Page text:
This post is part of a series where we explore what it would be like if famous historical figures had Twitter accounts. The tweets are invented by us and the accounts aren’t real. It’s funny though.
Susan Brownell Anthony was born on February 15, 1820 in Adams, Massachusetts. Anthony grew up in a Quaker household where she developed a strong moral compass and intellectual skill which she continued to use throughout her life while advocating for various social causes. She was the second oldest of 8 children. As an adolescent, Anthony was sent off to Quaker school in Philadelphia, but when her family fell on hard times financially, Anthony found a job as a teacher and moved back in to help make ends meet.
In the mid-1840’s, Susan B. Anthony’s family moved to Rochester, NY where they purchased a farm. Anthony’s family became heavily involved in the fight against slavery and their home would become a meeting place and headquarters of sorts for members of the abolitionist movement, including, most notably, Frederick Douglass.
In the 1850’s, Susan B. Anthony became increasingly involved in the abolitionist movement. It was during this time that she met Elizabeth Cady Stanton, another figurehead in the movement for women’s suffrage, at an anti-slavery conference. The pair began getting involved in the temperance movement, rallying for the production and sale of alcohol. At a temperance convention, Anthony was denied a chance to speak, and it was then that she realized that in order to be taken seriously in politics, women were going to need to gain the right to vote.
Soon after, Stanton and Anthony started the Women’s New York State Temperance Society and the New York State Woman’s Rights Committee.They maintained their efforts until the Civil War broke out, at which time, Anthony and Stanton focused on the fight for the end of slavery.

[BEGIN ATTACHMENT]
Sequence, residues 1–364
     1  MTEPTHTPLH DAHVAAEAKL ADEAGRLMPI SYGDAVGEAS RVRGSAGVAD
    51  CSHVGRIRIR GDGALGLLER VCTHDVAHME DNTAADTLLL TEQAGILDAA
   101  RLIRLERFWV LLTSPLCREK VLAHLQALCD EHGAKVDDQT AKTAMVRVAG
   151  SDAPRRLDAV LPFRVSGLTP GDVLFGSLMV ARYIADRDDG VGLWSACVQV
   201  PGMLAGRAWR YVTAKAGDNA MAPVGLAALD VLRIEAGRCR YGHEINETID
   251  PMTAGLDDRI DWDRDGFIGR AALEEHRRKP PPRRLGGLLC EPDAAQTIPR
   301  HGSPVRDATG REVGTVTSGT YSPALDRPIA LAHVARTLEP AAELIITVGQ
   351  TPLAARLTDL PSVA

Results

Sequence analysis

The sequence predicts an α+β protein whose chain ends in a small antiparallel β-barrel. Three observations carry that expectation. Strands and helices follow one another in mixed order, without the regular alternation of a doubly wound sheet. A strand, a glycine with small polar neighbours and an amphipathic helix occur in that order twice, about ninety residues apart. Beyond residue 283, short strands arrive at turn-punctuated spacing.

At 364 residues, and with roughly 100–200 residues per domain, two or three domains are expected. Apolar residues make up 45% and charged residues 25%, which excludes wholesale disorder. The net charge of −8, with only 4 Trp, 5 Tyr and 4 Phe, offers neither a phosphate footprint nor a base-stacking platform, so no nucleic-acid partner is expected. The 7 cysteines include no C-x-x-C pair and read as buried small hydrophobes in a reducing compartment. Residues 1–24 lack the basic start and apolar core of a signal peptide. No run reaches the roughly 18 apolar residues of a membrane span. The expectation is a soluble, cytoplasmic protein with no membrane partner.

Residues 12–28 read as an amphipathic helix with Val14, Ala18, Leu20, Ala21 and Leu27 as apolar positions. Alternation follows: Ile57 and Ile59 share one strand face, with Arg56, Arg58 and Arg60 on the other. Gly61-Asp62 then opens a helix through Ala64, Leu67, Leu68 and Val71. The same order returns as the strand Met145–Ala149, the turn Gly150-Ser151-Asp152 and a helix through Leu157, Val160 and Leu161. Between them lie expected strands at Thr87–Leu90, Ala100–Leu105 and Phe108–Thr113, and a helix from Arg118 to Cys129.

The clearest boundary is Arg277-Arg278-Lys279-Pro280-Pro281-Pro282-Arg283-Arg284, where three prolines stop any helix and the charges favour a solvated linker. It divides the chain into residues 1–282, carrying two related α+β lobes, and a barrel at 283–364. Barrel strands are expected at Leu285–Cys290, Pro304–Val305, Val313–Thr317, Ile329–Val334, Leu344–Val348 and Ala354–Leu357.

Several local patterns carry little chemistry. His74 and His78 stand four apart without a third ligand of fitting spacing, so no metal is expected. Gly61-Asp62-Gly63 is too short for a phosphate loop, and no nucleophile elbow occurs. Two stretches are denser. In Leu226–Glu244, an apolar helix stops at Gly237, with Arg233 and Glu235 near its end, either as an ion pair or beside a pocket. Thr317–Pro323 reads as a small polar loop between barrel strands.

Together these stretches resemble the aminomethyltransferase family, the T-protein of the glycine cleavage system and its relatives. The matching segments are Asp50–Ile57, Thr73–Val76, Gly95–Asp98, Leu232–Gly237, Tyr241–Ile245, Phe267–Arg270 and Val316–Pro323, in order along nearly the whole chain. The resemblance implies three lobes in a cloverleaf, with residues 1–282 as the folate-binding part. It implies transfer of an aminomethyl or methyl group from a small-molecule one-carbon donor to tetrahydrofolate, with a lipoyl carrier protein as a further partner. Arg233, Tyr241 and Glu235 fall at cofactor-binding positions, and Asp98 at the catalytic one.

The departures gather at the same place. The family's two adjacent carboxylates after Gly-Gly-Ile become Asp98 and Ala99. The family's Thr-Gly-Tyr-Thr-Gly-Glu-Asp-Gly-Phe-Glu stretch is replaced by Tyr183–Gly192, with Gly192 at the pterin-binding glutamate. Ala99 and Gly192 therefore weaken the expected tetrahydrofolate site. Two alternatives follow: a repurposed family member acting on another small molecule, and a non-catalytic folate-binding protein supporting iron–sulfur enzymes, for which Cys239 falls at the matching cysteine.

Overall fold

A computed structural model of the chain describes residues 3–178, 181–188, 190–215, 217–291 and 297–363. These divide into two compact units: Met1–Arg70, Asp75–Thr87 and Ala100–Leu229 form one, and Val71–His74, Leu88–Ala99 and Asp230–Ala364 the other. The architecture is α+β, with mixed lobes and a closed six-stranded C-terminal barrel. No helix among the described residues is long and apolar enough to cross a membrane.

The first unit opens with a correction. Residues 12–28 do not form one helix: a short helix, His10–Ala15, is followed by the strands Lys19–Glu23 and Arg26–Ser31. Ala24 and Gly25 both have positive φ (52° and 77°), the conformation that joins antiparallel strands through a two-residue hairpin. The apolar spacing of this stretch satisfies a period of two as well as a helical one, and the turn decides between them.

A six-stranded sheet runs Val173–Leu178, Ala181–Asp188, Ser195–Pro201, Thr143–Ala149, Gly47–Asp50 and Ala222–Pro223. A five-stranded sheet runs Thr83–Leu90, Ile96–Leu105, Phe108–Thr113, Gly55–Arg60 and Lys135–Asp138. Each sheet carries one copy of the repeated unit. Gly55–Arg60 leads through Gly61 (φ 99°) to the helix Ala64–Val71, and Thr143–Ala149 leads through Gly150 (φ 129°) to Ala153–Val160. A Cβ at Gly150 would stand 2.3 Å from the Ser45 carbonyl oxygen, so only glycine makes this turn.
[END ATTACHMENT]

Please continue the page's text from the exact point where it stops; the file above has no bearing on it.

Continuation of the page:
After the Civil War ended, Anthony resumed the fight for women’s rights. She and Stanton founded the National Woman Suffrage Association, as well as a weekly newspaper entitled The Revolution. The Revolution’s slogan was, “Men their rights, and nothing more; women their rights, and nothing less.”
In 1872, Anthony decided to take matters into her own hands and vote, despite it being illegal. Her case went to court, and she was fined $100, which she never paid.
A few years later, Susan B. Anthony and Stanton, co-authored a book entitled, History of Woman Suffrage. Ida Husted Harper and Matilda Joslin Gage also contributed to the volume, and the several that followed in its stead.
In 1905, Stanton met with President Theodore Roosevelt to lobby for women’s suffrage, despite her old age. Until the day she died in 1906, Anthony fought for an amendment to the Constitution that would grant women the right to vote. It wasn’t until 1920 that the 19th Amendment was passed which allowed women to vote. Anthony has been honored in many ways since her death. Perhaps most notably, the United States Treasury Department issued a dollar coin in 1979 with her image on it.
It is reported that shortly before her death, Susan B. Anthony uttered these words to a good friend:
Susan B. Anthony was an amazing force for social change. Her voice and actions still have a very visible impact on our world today.
Want to learn about more really cool women and the part they played in history? Check out our Badass Bitches tours, offered at The Metropolitan Museum of Art in New York City, the de Young Museum in San Francisco, and the National Gallery of Art in Washington, D.C. Visit https://museumhack.com/tours/ or call +1-800-210-9676 for more information.
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